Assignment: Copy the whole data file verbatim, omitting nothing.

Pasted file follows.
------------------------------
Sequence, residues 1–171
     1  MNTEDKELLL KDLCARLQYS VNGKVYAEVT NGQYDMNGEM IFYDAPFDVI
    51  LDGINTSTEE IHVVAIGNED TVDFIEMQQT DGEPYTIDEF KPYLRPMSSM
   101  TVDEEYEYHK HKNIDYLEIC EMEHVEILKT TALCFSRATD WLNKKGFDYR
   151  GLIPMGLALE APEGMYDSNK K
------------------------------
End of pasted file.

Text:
Sequence, residues 1–171
     1  MNTEDKELLL KDLCARLQYS VNGKVYAEVT NGQYDMNGEM IFYDAPFDVI
    51  LDGINTSTEE IHVVAIGNED TVDFIEMQQT DGEPYTIDEF KPYLRPMSSM
   101  TVDEEYEYHK HKNIDYLEIC EMEHVEILKT TALCFSRATD WLNKKGFDYR
   151  GLIPMGLALE APEGMYDSNK K